UPDATE 2-Voestalpine says acted legally in communicating Texas plant costs

* Financial watchdog FMA examines plant costs

* Voestalpine says informed investors according to law

* Costs for Texas plant increased by around one-third (Adds comment by financial watchdog, details, background)

VIENNA, Feb 1 (Reuters) - Austrian specialty steelmaker Voestalpine said on Wednesday it had complied with all legal requirements in the way it communicated cost overruns at its plant in Texas.

Austria’s financial watchdog FMA is investigating whether Voestalpine met European Union requirements to immediately publish information relevant to its share price in connection with the cost overruns.

The group announced plans to invest 550 million euros ($591 million) in a state-of-the-art plant in Corpus Christi, Texas in 2013, its largest foreign investment so far.

It said last week that the cost for the plant, which began production in October, would rise to about $990 million.

Over the past months, Voestalpine repeatedly said the Texas plant would be more expensive than initially thought but did not publish specific figures.

“We have no doubt that we informed (the market) in compliance with the law,” the company said in a statement.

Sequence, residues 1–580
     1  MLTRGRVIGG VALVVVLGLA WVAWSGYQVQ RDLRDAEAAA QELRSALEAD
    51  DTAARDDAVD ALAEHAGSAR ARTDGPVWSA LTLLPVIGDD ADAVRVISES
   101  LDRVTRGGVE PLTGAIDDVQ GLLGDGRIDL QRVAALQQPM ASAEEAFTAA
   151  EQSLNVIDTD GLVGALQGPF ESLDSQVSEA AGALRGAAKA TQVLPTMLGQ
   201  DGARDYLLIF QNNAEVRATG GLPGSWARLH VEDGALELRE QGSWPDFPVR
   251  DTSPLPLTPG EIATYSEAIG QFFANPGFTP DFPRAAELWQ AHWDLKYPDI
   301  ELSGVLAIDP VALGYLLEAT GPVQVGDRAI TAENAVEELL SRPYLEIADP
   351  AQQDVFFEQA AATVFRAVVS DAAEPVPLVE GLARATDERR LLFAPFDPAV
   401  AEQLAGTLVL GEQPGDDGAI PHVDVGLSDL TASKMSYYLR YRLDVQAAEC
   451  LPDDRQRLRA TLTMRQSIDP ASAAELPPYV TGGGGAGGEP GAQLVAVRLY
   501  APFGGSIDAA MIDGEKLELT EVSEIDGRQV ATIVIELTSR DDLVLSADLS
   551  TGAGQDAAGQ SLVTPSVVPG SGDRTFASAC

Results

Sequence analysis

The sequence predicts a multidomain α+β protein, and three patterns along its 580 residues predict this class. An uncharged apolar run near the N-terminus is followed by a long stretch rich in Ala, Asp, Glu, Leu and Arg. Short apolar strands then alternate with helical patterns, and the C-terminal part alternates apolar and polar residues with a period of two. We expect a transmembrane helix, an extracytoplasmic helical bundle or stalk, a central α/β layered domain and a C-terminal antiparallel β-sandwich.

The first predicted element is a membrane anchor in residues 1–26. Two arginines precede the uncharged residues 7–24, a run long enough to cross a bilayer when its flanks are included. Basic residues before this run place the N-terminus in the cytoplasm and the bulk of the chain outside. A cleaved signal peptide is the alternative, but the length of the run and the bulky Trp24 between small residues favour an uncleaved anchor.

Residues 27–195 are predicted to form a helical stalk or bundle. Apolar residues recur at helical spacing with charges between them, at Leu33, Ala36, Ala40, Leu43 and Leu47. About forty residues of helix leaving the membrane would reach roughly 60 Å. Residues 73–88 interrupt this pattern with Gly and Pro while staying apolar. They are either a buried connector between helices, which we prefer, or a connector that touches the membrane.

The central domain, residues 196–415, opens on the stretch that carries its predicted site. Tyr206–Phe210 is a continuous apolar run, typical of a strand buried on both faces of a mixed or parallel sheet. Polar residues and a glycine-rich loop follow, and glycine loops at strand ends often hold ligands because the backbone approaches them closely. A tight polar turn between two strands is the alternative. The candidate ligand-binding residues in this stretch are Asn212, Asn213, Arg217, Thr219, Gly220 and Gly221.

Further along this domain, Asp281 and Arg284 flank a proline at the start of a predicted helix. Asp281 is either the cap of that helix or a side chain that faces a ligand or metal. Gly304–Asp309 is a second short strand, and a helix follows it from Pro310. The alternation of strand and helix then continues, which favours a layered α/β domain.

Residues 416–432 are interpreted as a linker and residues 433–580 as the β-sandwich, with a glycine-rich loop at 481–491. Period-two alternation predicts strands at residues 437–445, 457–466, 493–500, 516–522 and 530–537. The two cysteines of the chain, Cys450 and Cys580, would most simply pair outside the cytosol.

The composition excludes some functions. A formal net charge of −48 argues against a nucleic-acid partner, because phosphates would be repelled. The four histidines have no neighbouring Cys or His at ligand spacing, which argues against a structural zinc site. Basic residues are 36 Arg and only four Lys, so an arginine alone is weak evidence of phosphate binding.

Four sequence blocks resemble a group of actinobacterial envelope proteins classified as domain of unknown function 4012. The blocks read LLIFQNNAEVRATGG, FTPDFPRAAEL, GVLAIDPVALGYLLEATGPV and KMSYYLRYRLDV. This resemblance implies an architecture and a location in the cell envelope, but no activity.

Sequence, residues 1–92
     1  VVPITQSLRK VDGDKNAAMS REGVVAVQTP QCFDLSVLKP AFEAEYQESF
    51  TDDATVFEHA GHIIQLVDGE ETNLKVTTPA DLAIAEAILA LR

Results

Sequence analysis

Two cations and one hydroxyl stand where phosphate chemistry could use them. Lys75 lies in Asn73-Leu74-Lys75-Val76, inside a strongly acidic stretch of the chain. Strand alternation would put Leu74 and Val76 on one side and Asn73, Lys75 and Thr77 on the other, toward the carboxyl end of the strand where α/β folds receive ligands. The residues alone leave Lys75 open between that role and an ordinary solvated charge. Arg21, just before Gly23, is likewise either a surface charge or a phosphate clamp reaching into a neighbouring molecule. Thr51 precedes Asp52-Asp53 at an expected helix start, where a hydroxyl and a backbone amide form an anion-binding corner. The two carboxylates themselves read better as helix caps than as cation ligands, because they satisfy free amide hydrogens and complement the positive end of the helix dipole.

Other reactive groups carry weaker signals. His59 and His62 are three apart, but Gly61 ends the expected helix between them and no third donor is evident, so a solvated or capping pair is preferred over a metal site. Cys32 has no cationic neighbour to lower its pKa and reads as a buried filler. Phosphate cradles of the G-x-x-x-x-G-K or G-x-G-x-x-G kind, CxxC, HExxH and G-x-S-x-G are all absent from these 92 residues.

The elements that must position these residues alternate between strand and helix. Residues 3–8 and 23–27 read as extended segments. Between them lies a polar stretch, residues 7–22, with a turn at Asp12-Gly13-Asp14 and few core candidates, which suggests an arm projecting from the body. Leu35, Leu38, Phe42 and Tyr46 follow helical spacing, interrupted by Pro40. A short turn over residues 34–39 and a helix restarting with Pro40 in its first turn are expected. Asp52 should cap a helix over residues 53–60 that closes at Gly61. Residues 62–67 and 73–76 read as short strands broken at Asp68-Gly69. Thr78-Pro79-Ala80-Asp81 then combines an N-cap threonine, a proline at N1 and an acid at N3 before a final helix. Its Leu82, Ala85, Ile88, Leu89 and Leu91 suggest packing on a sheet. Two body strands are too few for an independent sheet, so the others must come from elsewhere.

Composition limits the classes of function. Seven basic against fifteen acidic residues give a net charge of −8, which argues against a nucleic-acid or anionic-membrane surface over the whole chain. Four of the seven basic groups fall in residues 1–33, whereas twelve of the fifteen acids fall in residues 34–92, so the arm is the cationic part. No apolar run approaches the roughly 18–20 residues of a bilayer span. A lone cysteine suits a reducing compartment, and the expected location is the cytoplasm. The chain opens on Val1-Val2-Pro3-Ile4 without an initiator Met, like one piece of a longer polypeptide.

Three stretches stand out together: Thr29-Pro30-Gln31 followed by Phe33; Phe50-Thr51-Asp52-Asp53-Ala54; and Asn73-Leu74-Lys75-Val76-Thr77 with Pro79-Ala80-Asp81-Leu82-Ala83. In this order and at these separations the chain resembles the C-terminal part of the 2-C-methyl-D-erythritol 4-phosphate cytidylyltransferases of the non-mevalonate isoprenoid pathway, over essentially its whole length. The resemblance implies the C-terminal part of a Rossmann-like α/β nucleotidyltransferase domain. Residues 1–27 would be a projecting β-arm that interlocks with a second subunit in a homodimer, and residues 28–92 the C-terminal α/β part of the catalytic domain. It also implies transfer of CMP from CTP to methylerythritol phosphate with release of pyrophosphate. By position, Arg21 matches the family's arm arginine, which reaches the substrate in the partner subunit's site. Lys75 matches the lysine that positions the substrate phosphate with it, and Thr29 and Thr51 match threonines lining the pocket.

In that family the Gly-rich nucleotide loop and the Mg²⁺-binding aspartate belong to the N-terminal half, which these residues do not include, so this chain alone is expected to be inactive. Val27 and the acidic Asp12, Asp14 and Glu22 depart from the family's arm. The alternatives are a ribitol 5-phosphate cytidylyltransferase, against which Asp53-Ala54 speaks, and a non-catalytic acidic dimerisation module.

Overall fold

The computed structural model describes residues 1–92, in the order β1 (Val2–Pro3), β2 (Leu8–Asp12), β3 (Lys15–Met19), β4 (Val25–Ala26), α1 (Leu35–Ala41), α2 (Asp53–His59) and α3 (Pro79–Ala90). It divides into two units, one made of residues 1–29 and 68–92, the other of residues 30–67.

The FMA will refer to the new European Directive on Market Abuse, which took effect across the European Union in July and allows larger fines than previous national legislation, a spokesman said.

Under the new directive, a company can be fined up to 2.5 million euros or 2 percent of its annual revenue for a breach of disclosure requirements. Voestalpine’s 2015/16 revenue was 11 billion euros.

Voestalpine is held up as a model in Austria of a traditional industrial company that has adapted to modern market requirements to survive. Once a regular steel producer, it now specialises in providing finished parts and equipment to the automotive, aerospace and rail industries.

The entry into the U.S. market is an important part of Voestalpine’s strategy to grow internationally and reduce its dependence on the Austrian market and expensive European energy to power its furnaces.

The Texas site will produce two million tonnes of premium hot briquetted iron, or sponge iron - a pre-material used in steel production - each year.

The rise in costs was due to weather-related delays, an unexpected construction boom in the region and additional investments including a change in warehousing design, according to the company.

A final calculation of the costs would only be possible after the ramp-up phase was completed in March 2017.

Most of the extra costs were more or less completely digested in the past business years and only a “comparatively minor balance” would be payable in the current business year.

“According to our current assumptions and maths we did, we will see, most likely, more or less from the very beginning the 12 percent internal rate of return on this project,” Chief Executive Wolfgang Eder said when asked about the Texas plant in a conference call with analysts in November.

Shares in the company are down 1.6 percent over the last five days but have outperformed sector peers over that period.

$1 = 0.9308 euros Reporting by Alexandra Schwarz-Goerlich and Kirsti Knolle; editing by Francois Murphy and Elaine Hardcastle